Gwent Homecoming: It is time!

If you have been reading my articles then you know that I am an avid follower of the Witcher Card Game, Gwent. I have played throughout their Closed Beta and Open Beta rigorously and have a few articles on the game. Finally, after more than 1 year, Gwent has officially launched with its Homecoming.

Gwent Homecoming is CDProjek Red’s reboot of the Closed Beta and Open Beta versions of Gwent as the game is entirely different. Although the game plays the same with the same 3-round rules, the cards act and play differently. Even the deck building has different set of rules.

Gone are the days of locking 4 golds, 6 silvers, and other bronze cards in a deck. Now, a deck comes with a set of 165 Provisions and minimum 25 cards with each card having its own Provisions. You can have as many sets of Golds in your deck and any number of 2 sets of a Bronze as long as the total Provisions equal to 165.

Other than that, the game is still the same where you build your army or remove your opponent’s army to have the strongest or highest point at the end of the round to win the round. Win 2 out of 3 rounds and you win the game.

Each card is balanced around Provisions; as stronger cards have higher Provisions (as high as 13 Provisions) while low value cards might have a low Provision (lowest at 4 Provision). Each Leader is also different as their power balance revolves around the number of Mulligans you have in a game.

For instance, a Leader with a strong ability like the Ursuper has 0 Mulligan while a Leader with a lower ability power like Eredin has 3 Mulligans. This gives the developers some incentive to balance cards in the game by tweaking the numbers (cough cough Eithne).

So what’s the review of Gwent: Homecoming? Although it is a totally new experience playing the game, it still closely resembles the old Gwent. You still play one card per turn and you still have to win 2 out of 3 rounds to win the game which is what drew me to Gwent initially. There is a difference in deck building and abilities in the game like Orders or Artifacts but the core of the game is still there.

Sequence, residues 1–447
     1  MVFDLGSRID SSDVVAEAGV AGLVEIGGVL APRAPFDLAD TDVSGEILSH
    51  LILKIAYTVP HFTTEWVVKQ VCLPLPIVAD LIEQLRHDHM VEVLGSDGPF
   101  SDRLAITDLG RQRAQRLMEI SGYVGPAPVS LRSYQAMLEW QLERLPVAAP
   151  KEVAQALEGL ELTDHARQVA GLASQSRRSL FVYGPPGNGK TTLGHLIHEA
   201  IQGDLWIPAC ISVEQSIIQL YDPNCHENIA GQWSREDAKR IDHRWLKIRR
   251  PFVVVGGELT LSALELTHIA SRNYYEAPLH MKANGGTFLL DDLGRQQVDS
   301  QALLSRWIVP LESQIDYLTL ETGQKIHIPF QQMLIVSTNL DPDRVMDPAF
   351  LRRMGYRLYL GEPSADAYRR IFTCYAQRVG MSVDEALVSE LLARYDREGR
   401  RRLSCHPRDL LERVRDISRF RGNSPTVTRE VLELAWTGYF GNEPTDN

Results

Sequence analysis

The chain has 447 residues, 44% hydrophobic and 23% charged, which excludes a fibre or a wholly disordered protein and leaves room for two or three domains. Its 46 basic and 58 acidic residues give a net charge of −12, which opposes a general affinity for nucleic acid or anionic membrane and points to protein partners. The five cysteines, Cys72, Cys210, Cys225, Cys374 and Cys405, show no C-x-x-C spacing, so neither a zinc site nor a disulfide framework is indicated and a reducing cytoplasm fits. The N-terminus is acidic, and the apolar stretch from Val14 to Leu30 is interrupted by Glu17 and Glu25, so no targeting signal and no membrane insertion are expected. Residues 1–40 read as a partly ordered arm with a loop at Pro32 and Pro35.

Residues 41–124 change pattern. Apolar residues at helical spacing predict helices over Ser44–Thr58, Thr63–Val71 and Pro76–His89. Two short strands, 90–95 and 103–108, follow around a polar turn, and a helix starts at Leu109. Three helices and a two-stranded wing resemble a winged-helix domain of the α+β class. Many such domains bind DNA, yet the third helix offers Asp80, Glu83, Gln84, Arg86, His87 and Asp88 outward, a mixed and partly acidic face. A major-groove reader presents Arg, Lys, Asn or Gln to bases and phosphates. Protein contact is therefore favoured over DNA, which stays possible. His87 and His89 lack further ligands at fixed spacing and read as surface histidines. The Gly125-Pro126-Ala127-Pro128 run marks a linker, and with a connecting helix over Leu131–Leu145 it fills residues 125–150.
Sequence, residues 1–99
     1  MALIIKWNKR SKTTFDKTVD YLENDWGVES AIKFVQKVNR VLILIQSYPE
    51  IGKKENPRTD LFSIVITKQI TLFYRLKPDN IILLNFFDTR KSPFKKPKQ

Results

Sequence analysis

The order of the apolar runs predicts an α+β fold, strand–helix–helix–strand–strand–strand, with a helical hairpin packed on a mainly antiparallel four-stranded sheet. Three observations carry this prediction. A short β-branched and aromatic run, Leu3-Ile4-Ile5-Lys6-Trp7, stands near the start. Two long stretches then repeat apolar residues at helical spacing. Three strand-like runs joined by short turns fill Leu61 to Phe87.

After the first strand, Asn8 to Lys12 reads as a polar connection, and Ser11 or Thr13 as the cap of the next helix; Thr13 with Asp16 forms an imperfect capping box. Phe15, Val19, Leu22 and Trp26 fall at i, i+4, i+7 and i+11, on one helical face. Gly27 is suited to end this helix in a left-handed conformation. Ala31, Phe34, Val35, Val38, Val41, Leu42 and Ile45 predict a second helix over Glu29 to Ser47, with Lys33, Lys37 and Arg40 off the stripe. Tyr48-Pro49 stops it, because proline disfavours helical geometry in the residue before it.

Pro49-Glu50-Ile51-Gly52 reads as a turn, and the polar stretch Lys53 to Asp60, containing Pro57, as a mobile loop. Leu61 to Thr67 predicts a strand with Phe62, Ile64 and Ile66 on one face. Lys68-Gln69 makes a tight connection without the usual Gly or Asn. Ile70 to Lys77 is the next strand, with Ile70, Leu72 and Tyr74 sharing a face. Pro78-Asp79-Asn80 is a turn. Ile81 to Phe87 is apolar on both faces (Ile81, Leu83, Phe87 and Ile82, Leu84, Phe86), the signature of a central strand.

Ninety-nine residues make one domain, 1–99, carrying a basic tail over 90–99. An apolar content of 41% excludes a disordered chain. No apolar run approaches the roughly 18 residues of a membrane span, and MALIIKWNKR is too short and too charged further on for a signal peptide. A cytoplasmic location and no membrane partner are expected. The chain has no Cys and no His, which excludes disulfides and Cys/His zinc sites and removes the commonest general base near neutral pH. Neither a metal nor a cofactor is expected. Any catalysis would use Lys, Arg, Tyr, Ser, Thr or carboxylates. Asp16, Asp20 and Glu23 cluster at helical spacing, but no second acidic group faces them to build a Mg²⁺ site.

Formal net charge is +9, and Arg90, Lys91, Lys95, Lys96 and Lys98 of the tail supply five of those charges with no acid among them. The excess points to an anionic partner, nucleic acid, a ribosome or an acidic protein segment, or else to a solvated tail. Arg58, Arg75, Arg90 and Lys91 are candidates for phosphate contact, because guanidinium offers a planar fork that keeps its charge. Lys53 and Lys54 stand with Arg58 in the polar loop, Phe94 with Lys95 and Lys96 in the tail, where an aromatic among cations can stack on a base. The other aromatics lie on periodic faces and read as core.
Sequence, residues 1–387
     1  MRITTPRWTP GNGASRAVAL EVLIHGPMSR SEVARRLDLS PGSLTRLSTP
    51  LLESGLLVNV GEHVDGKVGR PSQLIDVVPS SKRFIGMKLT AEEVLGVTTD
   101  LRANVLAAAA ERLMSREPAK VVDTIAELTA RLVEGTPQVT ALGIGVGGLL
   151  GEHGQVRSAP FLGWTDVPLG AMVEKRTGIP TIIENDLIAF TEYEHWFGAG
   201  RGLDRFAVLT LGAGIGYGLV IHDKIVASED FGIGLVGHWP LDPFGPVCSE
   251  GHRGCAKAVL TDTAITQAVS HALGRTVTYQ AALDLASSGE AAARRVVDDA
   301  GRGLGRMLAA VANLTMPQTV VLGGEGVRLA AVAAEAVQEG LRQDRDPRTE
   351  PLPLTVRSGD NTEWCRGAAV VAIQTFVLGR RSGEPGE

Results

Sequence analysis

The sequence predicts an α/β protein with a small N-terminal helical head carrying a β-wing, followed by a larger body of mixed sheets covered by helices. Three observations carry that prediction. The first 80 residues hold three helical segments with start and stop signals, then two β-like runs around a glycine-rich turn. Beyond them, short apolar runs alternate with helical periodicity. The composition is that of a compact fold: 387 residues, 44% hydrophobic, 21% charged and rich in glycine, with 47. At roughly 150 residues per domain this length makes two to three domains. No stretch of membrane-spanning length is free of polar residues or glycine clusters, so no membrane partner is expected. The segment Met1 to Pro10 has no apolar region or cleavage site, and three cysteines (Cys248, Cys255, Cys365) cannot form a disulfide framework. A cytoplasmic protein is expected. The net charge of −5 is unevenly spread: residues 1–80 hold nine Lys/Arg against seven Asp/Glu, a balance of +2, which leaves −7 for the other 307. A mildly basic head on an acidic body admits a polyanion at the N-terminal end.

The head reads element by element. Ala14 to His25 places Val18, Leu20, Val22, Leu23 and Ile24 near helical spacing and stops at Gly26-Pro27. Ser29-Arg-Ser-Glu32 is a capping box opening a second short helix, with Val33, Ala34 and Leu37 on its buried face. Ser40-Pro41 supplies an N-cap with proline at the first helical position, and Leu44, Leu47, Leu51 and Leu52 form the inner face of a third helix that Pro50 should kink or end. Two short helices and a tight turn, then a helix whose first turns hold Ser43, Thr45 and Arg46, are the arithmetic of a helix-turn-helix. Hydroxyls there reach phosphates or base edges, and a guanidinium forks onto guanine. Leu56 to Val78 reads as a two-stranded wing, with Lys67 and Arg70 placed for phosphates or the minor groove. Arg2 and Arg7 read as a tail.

Fortunately, CDProjek Red is kind enough not to wipe our collection from the previous game but did mill all the cards in order for us to craft the game we want in the new game (I have a full collection of non-premium cards from the milling). The card crafting and milling are the same as the previous Gwent except for some cards from their Single Player Throne Breaker: The Witcher Tales game. (Review coming soon.)

Of course, it is not flawless as there are various problems with the game. One of it is the introduction of a new card type, Artifacts, which can only interact with Artifact removal cards. Gwent is known to be a game of interactions where you interact with the units on the board with other units or spells. Artifacts, on the other hand, can only be removed and cannot be interacted. Most of the Artifacts provide long-term value and in some games you will simply lose when you do not have any removals for the Artifact.

There are also other small problems with the game like the tutorial and also the card rarity indication but overall the game is a blast to play. It is a new horizon to explore and I will keep playing the game to see how good it will be. The game is out for a week and you can find it on

Hope to see you on Gwent building armies and going to war. Until next time, E’er y gloir!

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